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Video-assisted thoracic surgery for pulmonary sequestration compared with posterolateral thoracotomy

Journal of Thoracic and Cardiovascular Surgery
DOI: 10.1016/j.jtcvs.2013.04.027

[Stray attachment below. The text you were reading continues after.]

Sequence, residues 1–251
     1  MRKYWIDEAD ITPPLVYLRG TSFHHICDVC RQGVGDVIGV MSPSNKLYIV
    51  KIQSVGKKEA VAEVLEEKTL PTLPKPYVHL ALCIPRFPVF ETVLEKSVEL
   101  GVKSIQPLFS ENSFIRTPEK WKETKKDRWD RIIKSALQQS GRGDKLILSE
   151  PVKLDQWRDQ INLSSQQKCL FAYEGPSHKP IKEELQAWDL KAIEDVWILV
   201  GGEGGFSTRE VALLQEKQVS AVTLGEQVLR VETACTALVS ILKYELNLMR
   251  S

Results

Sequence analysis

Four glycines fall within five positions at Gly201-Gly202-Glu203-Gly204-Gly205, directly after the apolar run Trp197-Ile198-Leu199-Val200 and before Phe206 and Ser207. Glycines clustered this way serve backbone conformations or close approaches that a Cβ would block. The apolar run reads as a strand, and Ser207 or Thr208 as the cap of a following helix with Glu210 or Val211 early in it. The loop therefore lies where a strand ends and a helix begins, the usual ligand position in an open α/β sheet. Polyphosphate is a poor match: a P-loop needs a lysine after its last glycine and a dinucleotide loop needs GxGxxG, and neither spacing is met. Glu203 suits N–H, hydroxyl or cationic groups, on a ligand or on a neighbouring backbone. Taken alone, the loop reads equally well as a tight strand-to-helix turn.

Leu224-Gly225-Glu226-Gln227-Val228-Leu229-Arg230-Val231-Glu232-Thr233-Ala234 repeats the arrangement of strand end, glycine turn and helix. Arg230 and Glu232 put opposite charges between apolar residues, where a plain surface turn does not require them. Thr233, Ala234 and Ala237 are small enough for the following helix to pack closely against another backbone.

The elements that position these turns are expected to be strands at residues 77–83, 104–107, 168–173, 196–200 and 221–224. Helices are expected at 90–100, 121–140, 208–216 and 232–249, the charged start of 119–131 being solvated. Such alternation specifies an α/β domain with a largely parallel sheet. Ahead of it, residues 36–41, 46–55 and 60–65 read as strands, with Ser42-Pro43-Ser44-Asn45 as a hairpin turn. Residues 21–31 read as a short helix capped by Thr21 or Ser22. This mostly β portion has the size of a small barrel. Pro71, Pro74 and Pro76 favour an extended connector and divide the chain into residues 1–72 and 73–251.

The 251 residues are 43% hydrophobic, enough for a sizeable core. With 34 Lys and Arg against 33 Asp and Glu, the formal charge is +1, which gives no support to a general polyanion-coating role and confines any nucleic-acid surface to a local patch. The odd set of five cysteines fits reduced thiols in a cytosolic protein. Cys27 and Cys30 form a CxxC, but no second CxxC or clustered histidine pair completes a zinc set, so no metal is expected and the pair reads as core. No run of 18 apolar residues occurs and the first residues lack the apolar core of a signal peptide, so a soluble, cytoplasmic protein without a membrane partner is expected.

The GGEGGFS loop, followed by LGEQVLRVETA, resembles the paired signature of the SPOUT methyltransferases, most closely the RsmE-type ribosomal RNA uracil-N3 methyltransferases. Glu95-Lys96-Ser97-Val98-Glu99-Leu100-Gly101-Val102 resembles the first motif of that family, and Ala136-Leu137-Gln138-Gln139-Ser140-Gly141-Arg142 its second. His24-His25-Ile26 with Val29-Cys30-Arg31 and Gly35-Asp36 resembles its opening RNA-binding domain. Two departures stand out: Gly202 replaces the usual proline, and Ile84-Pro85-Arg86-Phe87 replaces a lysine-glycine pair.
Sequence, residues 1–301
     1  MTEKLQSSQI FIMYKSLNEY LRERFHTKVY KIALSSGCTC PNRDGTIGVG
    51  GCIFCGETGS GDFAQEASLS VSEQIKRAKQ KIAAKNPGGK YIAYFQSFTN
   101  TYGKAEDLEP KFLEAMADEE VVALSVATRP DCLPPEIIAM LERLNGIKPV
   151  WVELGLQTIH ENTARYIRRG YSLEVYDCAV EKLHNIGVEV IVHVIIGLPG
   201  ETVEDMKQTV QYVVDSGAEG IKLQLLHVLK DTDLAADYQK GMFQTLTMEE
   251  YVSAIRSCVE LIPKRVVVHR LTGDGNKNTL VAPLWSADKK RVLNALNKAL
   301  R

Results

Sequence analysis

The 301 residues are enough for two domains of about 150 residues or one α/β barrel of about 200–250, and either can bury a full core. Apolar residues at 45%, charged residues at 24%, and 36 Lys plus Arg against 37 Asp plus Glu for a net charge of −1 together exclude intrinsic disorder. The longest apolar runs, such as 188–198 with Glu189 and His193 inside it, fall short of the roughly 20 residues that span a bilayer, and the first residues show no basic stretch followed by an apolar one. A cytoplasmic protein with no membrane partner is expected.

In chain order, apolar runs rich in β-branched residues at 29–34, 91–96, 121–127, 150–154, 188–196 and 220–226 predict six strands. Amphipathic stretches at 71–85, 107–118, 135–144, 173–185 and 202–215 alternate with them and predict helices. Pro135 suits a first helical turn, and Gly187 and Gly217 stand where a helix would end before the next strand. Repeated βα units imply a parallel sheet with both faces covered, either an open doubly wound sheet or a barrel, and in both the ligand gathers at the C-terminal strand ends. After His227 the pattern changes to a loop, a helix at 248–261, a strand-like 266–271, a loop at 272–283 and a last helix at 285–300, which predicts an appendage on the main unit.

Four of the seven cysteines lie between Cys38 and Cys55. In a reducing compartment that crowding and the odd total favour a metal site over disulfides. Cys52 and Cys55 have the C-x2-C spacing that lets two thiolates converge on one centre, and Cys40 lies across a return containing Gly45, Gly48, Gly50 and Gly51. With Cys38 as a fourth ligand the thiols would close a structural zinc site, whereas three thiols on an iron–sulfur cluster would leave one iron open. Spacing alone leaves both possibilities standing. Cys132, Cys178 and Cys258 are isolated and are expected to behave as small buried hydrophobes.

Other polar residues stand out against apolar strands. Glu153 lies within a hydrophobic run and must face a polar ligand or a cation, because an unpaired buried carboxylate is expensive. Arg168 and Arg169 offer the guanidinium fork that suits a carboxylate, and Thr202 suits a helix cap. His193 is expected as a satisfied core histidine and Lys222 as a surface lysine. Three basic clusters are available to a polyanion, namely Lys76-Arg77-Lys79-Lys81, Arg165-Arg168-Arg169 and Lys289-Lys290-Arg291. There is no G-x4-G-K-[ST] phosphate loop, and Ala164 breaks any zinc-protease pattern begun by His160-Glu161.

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Objectives Pulmonary sequestration is a rare congenital malformation of the lungs. This study aims to evaluate the effectiveness of video-assisted thoracic surgery for the treatment of pulmonary sequestration in a larger series compared with posterolateral thoracotomy. Methods The files of 42 patients with pulmonary sequestration treated via video-assisted thoracic surgery (18 cases) and posterolateral thoracotomy (24 cases) between September 2005 and May 2012 from a single institute were retrospectively reviewed. Data were collected regarding the patient demographics, medical history, preoperative investigations, intraoperative findings, and postoperative course. Results All sequestration lung lesions were found in the lower lobes (31 on the left, 11 on the right), with feeding arteries arising from the thoracic aorta (34 cases) and the abdominal aorta (8 cases). Thirty-nine cases of sequestration were intralobar, and only 3 cases were extralobar. All patients achieved successful resection (including 37 lobectomies, 2 pneumonectomies, and 3 resections of the extralobar lesion). In the video-assisted thoracic surgery group, 1 case was converted to thoracotomy because of an injury to the aberrant artery; 1 case had injury to the left lower pulmonary vein and 1 case had injury to the aberrant artery, which were successfully treated without conversion. No significant differences were found between the 2 groups (video-assisted thoracic surgery vs posterolateral thoracotomy) in terms of the duration of operation, blood loss, amount of chest drainage, duration of chest drainage, length of postoperative hospital stay, and complications. Conclusions Video-assisted thoracic surgery resection for pulmonary sequestration is feasible, although it should be performed by an experienced surgeon with awareness of the potential risk of severe vascular injury.

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